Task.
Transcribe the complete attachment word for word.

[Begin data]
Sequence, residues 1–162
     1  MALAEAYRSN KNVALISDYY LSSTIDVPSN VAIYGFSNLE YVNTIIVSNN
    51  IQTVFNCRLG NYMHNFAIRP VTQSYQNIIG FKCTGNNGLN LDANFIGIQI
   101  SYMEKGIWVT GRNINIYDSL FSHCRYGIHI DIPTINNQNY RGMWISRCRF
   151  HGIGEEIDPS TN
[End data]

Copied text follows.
Sequence, residues 1–162
     1  MALAEAYRSN KNVALISDYY LSSTIDVPSN VAIYGFSNLE YVNTIIVSNN
    51  IQTVFNCRLG NYMHNFAIRP VTQSYQNIIG FKCTGNNGLN LDANFIGIQI
   101  SYMEKGIWVT GRNINIYDSL FSHCRYGIHI DIPTINNQNY RGMWISRCRF
   151  HGIGEEIDPS TN